Staying in the Old Medina

8/3/2011

I’ve arrived in Tangier at the crucial time of the people’s revolution in the Middle East. It’s 7.30am and I can hear the roaring of the Arab masses crying for their freedom from the corrupt regimes of Tunisia, Egypt, Libya, Mamlakat al Baḥrayn (Bahrain), Yemen. Their voices are running along the alleyways of the old Medina. Has the revolution kicked here as well?

Click on sound: News from Libya

The sounds of the TV sets from the small cafes in streets come up to my room through the closed window mixed with the banging from the construction site of the port. I find out about the latest news when I get down to the Café Centrale. The TVs are all tuned on Libya. People are glued to the screens, making comments and shaking their heads to the images of demonstrators being killed in the streets of nearby states.

So, here I am, sipping my coffee and trying to make sense of all the things learned in the last 48 hours. Mohamed, the young man working as waiter at the Café starts chatting in French. He shows me a paper with the news of Moroccan people who were repatriated from Libya on the same day of my arrival.

I ask if it is possible to go to the new port and take pictures there. He says that I need a special permission and it’s not easy. Why should I want to film there?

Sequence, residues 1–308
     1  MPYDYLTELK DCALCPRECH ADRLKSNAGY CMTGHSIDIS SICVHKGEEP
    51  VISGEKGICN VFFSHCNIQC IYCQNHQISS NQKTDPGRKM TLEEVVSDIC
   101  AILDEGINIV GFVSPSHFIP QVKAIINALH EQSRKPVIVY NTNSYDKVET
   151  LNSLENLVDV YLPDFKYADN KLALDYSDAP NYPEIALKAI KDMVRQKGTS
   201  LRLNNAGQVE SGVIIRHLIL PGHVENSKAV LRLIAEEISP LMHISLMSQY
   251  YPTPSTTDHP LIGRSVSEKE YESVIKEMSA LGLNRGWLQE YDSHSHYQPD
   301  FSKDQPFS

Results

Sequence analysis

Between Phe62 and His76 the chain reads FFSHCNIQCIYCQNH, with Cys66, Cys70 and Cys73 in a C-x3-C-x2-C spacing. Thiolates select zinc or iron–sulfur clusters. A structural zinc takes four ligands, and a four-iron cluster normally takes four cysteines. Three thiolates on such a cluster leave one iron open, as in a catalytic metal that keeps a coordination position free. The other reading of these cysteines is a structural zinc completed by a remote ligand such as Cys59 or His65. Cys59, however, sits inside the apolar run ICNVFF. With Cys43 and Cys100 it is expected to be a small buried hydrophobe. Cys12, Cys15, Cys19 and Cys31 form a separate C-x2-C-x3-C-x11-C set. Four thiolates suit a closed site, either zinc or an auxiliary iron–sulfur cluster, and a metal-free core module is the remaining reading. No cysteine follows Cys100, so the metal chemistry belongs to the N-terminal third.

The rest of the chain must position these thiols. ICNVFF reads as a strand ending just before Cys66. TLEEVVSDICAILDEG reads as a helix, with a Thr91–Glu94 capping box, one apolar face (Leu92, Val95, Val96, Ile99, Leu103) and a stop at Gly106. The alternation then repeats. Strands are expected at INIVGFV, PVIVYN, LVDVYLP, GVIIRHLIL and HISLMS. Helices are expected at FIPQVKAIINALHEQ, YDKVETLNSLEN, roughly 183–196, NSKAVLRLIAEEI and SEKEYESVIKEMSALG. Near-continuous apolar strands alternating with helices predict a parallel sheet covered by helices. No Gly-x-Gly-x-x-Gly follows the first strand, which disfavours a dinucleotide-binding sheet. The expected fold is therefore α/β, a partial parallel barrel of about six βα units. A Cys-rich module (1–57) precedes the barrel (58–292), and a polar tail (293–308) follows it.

I am not sure. I think I do… but then, as if cradled in my chair, I get trasported somewhere else, my eyes fixed on the slow, constant movement of people passing through the narrow streets and squares of the old Medina. I just need to be here.

Mohamed comes to sit next to me and shows me an article in the local paper adding another bit of information on Tangier.

I learn that this is the first city in Morocco with a telegraph, a telephone centre and a post office. I say to Mohamed “this is a port of communications!” He nods smiling and draws me a map of the city to help my orientation.

I have been sitting for hours and and I start feeling the urgency to take my camera and do some visual research.

I walk around and is fine, but I can sense people’s resistance if I get closer with my camera.

There is somethings about this process I am not sure…

I think I need to relax. And maybe it is better to continue listening, to remain with the sounds. The images will come. We need time…

Click on sound: Kuran

About aldaterra

Visual - Sound Artist Curator Academic Researcher
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